Always on

We are all guilty of it.  Head down buried in a phone while another life moment passes us by or distracted by the buzz of our phone in our pockets or on a table during a conversation.  This post is not about judgment because that mirror looks straight back at me as well.  It is more about observation.  Every Sunday morning I take my daughter to swimming and sit on the side and watch like many parents out there.  After having a moment a few weeks back, where I caught myself bringing a book and iPad to a half an hour swim lesson, I made the call to change the habit.  I try not to check my phone but to sit back on the side of the pool and watch as daughter gives her all trying to learn to swim.  While she is not swimming, I people watch.  This week, I noticed that there were only two groups of parents, parents in the water and parents engrossed in their phones.  In fact, the kids who were sitting on the side of the pool were also engrossed in a digital device.  As I stated before, this isn’t judgment but a series of human observations.  I am drawn to the reason why.

Is it boredom?  Any parent who says that there aren’t boring elements of parenting is straight up lying or is really well medicated.  With that being said, the practice of boredom can spur our greatest thinking.

Is it pressure with work?  Does work own you?  I wrestle with this one regularly.  Is it their expectation or are we setting the expectations on this one?

Is it finally getting a moment to yourself?  Being a parent is an “always on” job so we take any moment we get but are we consciously taking the right moments.

Behind every instance, there is a story.  We are the “always on” generation.  Social media, globalization, the information age, the digital age, keeping up with the Jones’s contributes and ensures that.  The growth in mindfulness globally screams of a society struggling to be “in the moment”.  We struggle with managing distractions, with giving our undivided attention and it is a challenge we all face.  So if we frame it as a Design Challenge ala Human Centred Design, then…

How Might We educate people to have digital downtime? 

How Might We establish a work to home transition routine that enables us to close the door on work and be present at home?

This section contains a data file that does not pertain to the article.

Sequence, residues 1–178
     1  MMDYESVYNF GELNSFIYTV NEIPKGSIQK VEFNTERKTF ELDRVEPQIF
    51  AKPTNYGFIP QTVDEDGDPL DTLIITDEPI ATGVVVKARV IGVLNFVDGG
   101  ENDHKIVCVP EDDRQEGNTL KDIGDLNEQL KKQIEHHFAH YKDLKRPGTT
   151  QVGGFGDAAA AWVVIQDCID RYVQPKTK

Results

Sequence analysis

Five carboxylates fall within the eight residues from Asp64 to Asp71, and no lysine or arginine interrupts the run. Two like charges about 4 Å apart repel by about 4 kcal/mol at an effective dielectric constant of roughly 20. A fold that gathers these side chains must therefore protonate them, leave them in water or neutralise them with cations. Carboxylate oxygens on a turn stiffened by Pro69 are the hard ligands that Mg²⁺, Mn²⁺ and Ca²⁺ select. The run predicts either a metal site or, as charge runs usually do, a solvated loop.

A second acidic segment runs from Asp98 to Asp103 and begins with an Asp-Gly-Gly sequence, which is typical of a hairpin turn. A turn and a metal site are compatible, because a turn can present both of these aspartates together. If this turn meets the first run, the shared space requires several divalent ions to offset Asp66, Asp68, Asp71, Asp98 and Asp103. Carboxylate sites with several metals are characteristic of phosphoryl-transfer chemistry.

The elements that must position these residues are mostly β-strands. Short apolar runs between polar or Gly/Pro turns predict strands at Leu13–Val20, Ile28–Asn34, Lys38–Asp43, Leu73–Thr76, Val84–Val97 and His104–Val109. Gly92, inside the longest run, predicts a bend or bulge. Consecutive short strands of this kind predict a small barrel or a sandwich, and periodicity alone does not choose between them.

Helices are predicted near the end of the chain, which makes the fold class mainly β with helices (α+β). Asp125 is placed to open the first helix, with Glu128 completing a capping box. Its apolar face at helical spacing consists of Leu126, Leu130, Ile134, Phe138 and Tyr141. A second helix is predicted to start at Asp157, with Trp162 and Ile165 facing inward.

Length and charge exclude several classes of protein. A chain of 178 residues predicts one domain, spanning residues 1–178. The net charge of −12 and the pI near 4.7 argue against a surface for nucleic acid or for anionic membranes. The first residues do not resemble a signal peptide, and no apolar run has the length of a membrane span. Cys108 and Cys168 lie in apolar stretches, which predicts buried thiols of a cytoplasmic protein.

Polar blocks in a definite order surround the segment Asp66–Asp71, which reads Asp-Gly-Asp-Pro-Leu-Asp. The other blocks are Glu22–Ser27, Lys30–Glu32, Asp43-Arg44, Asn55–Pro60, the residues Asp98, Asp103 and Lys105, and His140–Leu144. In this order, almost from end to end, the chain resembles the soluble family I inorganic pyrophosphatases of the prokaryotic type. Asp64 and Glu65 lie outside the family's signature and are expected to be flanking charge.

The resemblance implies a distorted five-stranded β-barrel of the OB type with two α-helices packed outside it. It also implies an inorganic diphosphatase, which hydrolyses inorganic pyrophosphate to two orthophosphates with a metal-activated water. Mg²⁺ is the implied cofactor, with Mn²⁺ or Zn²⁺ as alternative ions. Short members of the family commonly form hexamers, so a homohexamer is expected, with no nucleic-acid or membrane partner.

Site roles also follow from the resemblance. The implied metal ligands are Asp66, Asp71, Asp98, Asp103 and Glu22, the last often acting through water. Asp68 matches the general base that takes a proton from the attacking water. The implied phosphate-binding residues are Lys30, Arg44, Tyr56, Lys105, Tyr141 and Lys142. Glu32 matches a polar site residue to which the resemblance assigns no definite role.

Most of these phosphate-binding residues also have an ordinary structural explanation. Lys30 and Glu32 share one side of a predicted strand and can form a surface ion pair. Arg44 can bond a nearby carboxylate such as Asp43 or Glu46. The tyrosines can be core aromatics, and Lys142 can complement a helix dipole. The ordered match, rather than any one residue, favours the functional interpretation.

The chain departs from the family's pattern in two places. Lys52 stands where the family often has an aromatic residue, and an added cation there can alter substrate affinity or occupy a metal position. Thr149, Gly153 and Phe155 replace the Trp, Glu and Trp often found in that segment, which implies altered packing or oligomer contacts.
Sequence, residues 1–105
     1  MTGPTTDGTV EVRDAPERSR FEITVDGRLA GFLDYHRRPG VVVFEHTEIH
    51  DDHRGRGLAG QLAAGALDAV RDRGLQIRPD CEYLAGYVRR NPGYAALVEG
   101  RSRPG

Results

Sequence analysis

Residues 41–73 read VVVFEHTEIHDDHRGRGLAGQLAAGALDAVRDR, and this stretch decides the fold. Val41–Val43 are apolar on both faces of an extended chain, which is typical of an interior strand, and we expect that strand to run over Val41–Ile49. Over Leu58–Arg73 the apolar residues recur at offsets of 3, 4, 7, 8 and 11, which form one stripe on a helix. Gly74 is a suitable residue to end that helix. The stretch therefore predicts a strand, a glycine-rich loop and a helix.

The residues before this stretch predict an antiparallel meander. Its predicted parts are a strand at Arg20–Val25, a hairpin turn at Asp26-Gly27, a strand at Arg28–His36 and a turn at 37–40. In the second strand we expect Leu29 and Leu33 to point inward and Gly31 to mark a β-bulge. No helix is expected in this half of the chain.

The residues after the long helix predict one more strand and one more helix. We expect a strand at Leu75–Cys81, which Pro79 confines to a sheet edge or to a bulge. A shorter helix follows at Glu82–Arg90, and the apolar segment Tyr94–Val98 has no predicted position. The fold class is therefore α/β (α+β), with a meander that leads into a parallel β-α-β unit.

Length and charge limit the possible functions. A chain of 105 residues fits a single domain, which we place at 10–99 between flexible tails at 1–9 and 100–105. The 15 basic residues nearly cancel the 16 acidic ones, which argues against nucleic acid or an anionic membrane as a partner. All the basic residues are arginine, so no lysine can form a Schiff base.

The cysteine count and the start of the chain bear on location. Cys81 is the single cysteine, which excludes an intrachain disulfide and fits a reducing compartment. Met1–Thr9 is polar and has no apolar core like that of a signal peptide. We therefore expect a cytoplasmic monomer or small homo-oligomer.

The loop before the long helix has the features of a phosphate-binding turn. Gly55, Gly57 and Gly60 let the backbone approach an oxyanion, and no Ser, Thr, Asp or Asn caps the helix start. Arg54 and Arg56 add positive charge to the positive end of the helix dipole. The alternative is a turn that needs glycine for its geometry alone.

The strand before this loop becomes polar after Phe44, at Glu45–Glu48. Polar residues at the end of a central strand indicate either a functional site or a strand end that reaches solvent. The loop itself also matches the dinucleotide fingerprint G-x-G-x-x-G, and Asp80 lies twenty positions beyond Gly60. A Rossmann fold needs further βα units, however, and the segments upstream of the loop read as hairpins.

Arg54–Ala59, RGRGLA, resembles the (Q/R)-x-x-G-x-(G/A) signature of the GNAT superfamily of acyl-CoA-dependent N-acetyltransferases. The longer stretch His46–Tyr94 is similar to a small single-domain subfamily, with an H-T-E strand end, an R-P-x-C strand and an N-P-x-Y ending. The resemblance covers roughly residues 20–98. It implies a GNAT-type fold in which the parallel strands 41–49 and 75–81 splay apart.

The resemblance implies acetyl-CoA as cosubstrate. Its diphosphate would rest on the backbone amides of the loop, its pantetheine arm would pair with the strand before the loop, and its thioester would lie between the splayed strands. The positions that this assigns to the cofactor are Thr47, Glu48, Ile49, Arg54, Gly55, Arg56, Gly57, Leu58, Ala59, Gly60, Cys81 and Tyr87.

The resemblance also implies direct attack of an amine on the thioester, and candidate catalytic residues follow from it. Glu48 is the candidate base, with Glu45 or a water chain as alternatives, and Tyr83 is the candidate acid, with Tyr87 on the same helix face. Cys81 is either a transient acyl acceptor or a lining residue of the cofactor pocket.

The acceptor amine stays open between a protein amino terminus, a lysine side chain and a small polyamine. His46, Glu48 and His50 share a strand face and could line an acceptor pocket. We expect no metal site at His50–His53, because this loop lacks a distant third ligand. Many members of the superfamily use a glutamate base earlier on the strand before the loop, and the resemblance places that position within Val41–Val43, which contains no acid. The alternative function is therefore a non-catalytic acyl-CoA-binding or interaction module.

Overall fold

These are design challenges that everyone needs to throw their thinking hats at, but as #enoobs we play a special role.  We need to work with our communities to facilitate this conversation.  We need to help young people to set up for success, to build good digital and social habits.  Parents play the most important role and need to be a part of this three-way conversation.  Techniques such as Kanban, Pomodoro and Scrum are being used in classrooms to assist students to focus their thinking and energy on one task at a time.  Apps such as Moment and Quality time have been developed to prompt us to be aware of our digital usage and be in the moment. What other solutions can be develop to assist?

This post is a conversation starter.  Please disagree, agree but please contribute.


Image courtesy of Sean DuBois


2 thoughts on “Always on

  1. To me there are deep personal issues to me and I struggle with some of this myself in bringing up my own children. Yet, I am continually drawn to issues of Digital Citizenship and Digital Literacies as to approaching these concerns in our school based education of young people. I am concerned at how we approach the vast array of issues around digital technology in our schools and the related online home use that crosses over into school. There is so much to do in this area and quite frankly, many schools are simply burying their heads in the sand in terms of being proactive with kids and their parents alike. A rethink is needed with much of this.

    • I so agree Nick. Technology use for my kids is minimal at the moment which is largely in part due to their own choice. The establishment of values is key. We won’t let our kids bring technology to restaurants because we want them to learn the art of conversation. We want to develop open dialogue with our kids and have them be interested in the lives of others. I don’t always lead from the front here but like yourself I am constantly working on it. I now put my phone away when I get home and don’t check it until they are in bed. Breaking digital habits is hard to do but something we need to do. As a school, we need to set the standard for this and unfortunately we are not always very good at leading from the front on this one. How many meetings are distracted by staff being on their laptops or responding to the buzzing of their device! Through the process of disconnecting, we can establish better practices of choice. Choosing when to connect, when to be offline and choosing time to be free, bored and have headspace. There is so much work to do in this space and the call for action needs to happen now.

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